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Students at Hampton Institute, Photograph, 1907


Materials in the Library of Virginia’s collections contain historical terms, phrases, and images that are offensive to modern readers. These include demeaning and dehumanizing references to race, ethnicity, and nationality; enslaved or free status; physical and mental ability; and gender and sexual orientation. 


In May 1861, the Union Army held control of Fort Monroe located long the Chesapeake Bay in Hampton, Virginia. Major General Benjamin Butler decreed that escaping enslaved people who reached Union lines would not be returned. Many enslaved people flowed towards Fort Monroe in their quest for freedom. A refugee camp was built to house the newly freed people and it became the first self- contained African American community in the Untied States. To provide those living in camp with an education, Mary Peake, a free woman of color, was asked to teach despite a law enacted in 1831 which forbade the education of enslaved people, free Blacks, and those of mixed races. Mary held her first class on September 17, 1861, under an oak tree. The tree would become known as the Emancipation Oak as it was the location of the first reading in the South of the Emancipation Proclamation in 1863. The Emancipation Oak can still be found on the Hampton University campus today. 

Hampton Institute was founded in 1866 as Hampton Normal and Agricultural Institute by Brigadier General Samuel Chapman Armstrong, to train Black teachers. The Freedman’s Bureau was instrumental in providing financial support. The Bureau of Refugees, Freedmen, and Abandoned Land (Record Group 150), also known as the Freedman’s Bureau, was established by an act of Congress in 1865. The Bureau supervised and managed all matters related to refugees, freedmen, and lands abandoned or seized during the Civil War. Documentation was a primary goal of the Bureau, but they were also known to provide support for educational institutions and organizations with monetary donations.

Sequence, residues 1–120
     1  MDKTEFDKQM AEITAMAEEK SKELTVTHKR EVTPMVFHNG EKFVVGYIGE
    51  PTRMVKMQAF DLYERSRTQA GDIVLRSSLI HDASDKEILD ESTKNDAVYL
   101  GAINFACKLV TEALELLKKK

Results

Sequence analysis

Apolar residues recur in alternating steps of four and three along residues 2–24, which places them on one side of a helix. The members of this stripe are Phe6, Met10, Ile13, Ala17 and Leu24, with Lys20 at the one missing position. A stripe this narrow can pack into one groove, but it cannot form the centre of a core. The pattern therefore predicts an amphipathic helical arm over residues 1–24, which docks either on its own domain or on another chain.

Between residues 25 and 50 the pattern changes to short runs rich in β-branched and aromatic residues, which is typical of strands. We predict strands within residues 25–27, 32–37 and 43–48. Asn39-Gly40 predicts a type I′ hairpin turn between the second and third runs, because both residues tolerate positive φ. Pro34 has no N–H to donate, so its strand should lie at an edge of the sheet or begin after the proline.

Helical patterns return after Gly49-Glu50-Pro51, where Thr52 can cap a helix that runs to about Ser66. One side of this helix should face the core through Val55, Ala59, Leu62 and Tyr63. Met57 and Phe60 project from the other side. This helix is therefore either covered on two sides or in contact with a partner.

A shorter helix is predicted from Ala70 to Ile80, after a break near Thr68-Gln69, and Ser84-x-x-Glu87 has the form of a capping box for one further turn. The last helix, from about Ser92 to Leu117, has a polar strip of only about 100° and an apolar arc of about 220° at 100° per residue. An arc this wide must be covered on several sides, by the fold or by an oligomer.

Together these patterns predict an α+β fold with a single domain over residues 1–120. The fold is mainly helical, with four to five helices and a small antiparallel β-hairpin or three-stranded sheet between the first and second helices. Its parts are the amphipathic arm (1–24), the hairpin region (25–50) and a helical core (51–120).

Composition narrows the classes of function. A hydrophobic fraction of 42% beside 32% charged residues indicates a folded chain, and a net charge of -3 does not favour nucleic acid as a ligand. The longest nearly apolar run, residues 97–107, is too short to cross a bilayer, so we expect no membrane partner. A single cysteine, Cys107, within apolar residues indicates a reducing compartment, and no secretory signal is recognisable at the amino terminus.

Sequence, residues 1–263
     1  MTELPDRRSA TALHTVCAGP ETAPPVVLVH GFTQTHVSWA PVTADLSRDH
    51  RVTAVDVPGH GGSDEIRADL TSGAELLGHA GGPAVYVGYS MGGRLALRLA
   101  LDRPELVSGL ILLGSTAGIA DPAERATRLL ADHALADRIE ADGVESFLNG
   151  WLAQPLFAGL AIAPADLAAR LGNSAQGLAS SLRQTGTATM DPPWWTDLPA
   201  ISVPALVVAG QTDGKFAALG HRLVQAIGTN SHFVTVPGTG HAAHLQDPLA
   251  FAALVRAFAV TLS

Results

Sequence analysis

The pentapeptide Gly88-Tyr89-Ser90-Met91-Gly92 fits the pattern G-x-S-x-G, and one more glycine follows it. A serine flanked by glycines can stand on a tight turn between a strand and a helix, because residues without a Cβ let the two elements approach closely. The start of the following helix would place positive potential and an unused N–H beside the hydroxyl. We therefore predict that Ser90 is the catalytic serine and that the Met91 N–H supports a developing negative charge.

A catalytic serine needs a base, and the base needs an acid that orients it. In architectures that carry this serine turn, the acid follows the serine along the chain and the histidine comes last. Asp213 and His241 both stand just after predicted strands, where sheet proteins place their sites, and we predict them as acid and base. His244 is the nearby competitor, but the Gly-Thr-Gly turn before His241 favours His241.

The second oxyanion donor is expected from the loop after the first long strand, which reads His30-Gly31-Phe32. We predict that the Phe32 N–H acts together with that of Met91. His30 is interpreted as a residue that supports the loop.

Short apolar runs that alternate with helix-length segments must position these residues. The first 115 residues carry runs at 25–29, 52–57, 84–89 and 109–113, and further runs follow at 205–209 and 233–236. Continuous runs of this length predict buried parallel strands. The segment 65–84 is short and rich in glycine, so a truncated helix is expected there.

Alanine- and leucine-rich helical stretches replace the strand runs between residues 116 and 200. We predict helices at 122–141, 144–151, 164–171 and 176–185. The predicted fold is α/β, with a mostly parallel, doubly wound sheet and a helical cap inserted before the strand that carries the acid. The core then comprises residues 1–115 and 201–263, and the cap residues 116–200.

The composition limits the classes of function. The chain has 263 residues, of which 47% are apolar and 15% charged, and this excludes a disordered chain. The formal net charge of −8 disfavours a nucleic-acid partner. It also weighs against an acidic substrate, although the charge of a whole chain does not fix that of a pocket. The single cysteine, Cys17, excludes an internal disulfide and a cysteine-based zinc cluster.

The primary goal of Hampton Institute was to educate Black students as leaders and teachers in their communities. The school became well-known across the South for training educators like Booker T. Washington. In 1878, Hampton's mission expanded with the admission of Indigenous students. The growth of the school and increasing enrollment numbers created a financial strain. The school became more dependent on benefactors. As the school grew and more attention was given to the successes of the students, there was push back and threats made by white people who did not support the mission of the school. The photograph taken in 1907, shows several young men who were attending classes. Many of the classes taught would have been related to trades such as farming, carpentry, harness making, printing, tailoring, clocksmithing, blacksmithing, painting, and wheelwrighting.

Despite many challenges and push back from certain members of the white community, the school became recognized as a college in the 1920s and achieved university status in 1984.

Citation: Students at Hampton Institute, Prints & Photographs, Special Collections, Library of Virginia, Richmond. 


Social Studies: VS.7, VS.8, USII.4, VUS.8

Art: 4.1, 5.1

Suggested Questions

Preview Activity

Look at It: Look carefully at the photo of the four men at Hampton. What aspects of photograph stand out to you? Why?

Post Activities

Think About It: Why do you thin Mary Peake was asked to teach classes even though there was a law stating that former enslaved people could not receive an education? What risks did she take in teaching those classes?

Be the Journalist: Imagine you are a journalist in 1907 and plan to interview the men in the photograph. What questions would you ask? Why would you ask those questions? Explain.